Jonathan Bailey has a new post on Wylio, a tool to for formatting and giving attribution for CC-licensed photos on Flickr. From the post:
While there are thousands upon thousands of images available for easy reuse under Creative Commons Licenses in Flickr, properly attributing those images is time-consuming and can be very confusing.
Nick Freear has a new post on why Creative Commons licenses shouldn’t be used for software. From the post:
The short answer is, if you use a Creative Commons License your software probably won’t be free software/ open source software, and therefore won’t be re-usable by others including developers (which is what you want right?)
Aurelia J. Schultz has a new post announcing summer internships at Creative Commons. From the post:
Students have the opportunity to work with CC staff and international volunteers on various real-time projects. Assigned tasks and projects will vary depending on the intern’s skill & experience, as well as organization needs.
Allison Domincone has a new post giving the state of Creative Commons’ finances for 2010. From the post:
We’d like to see these numbers continue to grow, just as CC license adoption and use of our tools has grown so steadily since 2002.
Donatella Della Ratta has a new post on Creative Commons in Lebanon. From the post:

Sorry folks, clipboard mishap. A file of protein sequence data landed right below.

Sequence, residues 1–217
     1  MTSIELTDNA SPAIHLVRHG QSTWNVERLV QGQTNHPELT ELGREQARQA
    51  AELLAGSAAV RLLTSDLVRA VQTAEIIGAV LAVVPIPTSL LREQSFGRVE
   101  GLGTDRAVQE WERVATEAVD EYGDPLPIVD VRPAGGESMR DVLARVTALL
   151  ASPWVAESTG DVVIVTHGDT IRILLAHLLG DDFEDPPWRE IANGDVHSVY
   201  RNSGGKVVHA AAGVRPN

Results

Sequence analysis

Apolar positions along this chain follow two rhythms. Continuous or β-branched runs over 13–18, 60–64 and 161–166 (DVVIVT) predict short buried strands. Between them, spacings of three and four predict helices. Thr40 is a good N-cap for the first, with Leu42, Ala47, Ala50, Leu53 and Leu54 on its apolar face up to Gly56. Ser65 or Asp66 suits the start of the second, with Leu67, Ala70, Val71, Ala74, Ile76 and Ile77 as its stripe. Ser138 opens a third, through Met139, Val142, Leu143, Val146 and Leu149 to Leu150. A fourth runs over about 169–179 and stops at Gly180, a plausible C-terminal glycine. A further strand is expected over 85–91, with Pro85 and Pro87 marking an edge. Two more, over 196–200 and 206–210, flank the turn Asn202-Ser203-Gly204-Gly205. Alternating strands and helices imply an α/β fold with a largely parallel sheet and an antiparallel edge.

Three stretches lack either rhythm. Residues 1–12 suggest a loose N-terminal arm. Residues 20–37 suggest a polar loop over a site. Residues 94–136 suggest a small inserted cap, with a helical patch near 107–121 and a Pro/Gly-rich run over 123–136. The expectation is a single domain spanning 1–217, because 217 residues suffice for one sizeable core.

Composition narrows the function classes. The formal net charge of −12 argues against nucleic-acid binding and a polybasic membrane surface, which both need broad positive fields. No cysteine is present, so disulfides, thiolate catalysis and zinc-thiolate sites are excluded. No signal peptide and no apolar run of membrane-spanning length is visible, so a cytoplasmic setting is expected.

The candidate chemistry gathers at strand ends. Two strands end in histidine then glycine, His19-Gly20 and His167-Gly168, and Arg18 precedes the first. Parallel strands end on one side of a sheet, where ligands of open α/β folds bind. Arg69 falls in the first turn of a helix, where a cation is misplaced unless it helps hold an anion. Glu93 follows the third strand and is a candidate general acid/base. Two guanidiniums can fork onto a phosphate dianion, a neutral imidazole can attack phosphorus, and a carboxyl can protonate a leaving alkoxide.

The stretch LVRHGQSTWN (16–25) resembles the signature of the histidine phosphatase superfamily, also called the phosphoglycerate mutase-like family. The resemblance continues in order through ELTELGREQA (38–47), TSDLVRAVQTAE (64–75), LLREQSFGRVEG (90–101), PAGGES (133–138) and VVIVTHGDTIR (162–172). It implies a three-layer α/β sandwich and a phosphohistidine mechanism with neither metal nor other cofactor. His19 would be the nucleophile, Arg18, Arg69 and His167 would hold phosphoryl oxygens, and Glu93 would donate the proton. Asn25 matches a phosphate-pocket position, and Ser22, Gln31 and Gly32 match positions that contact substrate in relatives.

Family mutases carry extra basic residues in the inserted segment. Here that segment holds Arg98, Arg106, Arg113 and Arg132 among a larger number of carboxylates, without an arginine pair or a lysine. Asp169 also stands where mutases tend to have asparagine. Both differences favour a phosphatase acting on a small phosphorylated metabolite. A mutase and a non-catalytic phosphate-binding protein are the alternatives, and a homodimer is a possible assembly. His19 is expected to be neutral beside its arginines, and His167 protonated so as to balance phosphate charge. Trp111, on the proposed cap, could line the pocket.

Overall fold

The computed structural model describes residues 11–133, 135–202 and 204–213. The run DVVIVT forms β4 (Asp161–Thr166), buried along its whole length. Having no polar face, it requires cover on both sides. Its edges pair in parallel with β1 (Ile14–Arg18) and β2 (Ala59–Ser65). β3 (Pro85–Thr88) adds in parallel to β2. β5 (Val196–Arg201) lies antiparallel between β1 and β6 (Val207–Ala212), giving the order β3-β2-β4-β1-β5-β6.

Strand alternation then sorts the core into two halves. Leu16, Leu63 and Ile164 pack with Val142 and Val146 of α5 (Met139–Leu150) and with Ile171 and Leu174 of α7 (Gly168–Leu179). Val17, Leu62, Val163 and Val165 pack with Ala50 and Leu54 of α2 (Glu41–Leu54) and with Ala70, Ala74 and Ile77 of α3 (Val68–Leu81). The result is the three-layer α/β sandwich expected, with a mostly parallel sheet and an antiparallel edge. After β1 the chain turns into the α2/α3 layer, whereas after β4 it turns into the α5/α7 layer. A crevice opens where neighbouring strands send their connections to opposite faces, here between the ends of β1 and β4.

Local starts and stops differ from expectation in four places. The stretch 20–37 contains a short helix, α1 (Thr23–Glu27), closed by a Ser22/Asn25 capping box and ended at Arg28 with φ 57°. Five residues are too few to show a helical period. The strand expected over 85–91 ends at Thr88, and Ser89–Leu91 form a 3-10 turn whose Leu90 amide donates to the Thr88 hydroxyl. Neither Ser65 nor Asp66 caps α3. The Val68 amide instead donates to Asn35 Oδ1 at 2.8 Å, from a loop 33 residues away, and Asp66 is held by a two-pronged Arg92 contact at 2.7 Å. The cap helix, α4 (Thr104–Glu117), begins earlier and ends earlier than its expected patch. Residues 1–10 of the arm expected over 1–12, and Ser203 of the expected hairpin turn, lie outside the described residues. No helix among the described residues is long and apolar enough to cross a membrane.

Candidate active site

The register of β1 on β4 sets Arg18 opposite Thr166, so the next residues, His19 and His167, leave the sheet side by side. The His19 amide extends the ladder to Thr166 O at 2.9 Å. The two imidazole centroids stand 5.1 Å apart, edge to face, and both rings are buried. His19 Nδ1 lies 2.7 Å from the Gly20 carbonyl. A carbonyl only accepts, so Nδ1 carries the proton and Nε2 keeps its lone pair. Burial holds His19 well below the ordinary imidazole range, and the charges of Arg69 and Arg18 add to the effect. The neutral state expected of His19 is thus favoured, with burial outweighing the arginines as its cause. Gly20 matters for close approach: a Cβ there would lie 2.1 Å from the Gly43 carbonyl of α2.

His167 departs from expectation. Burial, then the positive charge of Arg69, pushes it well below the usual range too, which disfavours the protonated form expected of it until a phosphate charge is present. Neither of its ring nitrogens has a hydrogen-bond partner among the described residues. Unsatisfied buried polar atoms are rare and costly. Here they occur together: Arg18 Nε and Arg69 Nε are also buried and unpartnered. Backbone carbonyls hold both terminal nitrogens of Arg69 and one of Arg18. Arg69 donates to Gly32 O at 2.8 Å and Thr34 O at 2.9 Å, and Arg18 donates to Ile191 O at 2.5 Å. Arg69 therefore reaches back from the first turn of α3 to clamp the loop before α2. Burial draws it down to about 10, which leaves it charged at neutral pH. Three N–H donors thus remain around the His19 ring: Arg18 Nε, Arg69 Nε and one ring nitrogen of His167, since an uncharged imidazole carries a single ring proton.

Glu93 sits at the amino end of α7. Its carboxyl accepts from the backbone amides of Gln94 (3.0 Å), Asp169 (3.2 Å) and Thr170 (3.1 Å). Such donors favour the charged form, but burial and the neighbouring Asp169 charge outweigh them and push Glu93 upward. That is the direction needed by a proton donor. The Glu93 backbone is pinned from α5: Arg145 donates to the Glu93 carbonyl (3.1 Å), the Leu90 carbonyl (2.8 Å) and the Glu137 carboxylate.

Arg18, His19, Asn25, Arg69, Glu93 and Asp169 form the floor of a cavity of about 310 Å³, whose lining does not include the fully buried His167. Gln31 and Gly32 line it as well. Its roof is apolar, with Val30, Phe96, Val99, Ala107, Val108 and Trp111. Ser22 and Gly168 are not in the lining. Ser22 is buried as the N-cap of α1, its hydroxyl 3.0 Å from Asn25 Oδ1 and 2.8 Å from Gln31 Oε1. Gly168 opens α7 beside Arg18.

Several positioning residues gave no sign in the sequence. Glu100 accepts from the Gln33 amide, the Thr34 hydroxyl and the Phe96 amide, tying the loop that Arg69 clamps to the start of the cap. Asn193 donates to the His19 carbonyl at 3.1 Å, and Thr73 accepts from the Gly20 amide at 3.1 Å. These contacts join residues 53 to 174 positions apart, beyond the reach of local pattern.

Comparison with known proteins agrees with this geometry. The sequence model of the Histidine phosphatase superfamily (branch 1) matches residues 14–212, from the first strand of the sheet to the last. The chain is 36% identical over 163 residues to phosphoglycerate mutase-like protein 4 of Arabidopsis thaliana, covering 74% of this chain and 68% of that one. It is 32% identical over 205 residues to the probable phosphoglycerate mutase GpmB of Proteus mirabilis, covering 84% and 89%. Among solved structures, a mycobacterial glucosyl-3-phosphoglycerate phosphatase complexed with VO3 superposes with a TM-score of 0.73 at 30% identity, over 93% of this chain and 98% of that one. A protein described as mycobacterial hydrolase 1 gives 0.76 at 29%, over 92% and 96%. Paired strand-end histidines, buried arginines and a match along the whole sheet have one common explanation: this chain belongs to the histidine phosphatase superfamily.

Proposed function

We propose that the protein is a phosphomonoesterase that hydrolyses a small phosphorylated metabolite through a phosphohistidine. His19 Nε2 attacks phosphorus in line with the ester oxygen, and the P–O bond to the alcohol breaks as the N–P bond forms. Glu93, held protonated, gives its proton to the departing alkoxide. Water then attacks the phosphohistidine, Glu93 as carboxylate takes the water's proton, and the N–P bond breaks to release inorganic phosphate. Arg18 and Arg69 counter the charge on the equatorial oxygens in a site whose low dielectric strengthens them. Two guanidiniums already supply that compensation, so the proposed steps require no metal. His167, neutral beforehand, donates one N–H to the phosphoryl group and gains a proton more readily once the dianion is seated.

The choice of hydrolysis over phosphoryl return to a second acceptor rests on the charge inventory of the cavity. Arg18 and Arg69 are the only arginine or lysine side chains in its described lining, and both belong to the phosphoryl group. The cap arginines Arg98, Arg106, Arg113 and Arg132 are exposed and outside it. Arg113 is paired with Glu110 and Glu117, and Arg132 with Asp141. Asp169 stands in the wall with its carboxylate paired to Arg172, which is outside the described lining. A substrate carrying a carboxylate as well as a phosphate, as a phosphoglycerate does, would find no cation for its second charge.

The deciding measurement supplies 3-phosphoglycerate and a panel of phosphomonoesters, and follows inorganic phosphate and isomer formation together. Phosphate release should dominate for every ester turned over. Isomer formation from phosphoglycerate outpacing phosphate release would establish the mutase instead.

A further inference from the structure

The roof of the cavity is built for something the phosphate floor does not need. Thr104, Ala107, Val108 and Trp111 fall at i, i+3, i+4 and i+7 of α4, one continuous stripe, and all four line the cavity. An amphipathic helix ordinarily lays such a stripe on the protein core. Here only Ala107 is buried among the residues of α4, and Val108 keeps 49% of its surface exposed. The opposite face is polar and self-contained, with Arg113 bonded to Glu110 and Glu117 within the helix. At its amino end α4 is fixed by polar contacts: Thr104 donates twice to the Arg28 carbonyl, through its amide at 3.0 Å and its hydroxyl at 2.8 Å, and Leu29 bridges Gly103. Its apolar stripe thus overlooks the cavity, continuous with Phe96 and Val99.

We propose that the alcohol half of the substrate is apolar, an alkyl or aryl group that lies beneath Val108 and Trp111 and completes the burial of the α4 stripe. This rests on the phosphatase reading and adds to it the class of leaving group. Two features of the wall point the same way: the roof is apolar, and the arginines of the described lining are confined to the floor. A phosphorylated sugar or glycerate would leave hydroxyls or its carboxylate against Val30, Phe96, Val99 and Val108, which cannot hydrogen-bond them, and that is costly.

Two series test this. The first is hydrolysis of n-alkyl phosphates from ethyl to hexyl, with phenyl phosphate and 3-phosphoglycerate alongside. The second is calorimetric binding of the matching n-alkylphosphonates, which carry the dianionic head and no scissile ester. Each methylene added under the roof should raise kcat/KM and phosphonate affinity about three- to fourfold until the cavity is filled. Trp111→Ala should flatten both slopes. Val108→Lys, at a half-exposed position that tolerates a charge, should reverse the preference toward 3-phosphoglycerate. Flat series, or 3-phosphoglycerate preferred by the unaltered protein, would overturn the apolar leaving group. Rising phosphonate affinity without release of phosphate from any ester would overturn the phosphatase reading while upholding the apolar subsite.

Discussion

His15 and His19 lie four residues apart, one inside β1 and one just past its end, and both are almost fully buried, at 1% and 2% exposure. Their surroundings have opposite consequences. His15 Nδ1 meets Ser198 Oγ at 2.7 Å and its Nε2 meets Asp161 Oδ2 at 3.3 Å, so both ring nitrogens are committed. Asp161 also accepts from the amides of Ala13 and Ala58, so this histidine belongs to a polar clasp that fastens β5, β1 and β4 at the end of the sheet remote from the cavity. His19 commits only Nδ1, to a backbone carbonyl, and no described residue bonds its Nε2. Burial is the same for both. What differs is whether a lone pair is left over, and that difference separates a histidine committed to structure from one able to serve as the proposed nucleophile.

The near future also holds another milestone for us; this month will be the launch of the Lebanese CC Community official website as part of the CC site.
Mike Linksvayer has a new post on Creative Commons and databases. From the post:
With the exception of strongly recommending CC0 (public domain) for scientific data, Creative Commons has been relatively quiet about use of our licenses for data and databases.
Many posts, tweets and other forms of online buzz surrounding the US Government approval of $2 billion for open curriculum for online schools.
Matt Liebenson has a new post noting two cases, one in Belgium and one Israel, that found in favor of Creative Commons licenses. From the post:
These cases together highlight some important fundamentals about how CC licenses operate. First and foremost, our licenses operate in conjunction with copyright, not in lieu of copyright. This means that if the terms of the CC license you have applied to your music or other creative work are violated, as the judge concluded in the Belgian case, the result is copyright infringement and nothing less.
Nathan Yergler has a new post with a graphic displaying the components of a Creative Commons license.
John Wilbanks has a new post about changes to the Creative Commons website. From the post:
We’re making these changes because we’ve received feedback — from our community of users, friends, supporters, and more — that the current set of web properties we have here at Creative Commons isn’t working as well as it could.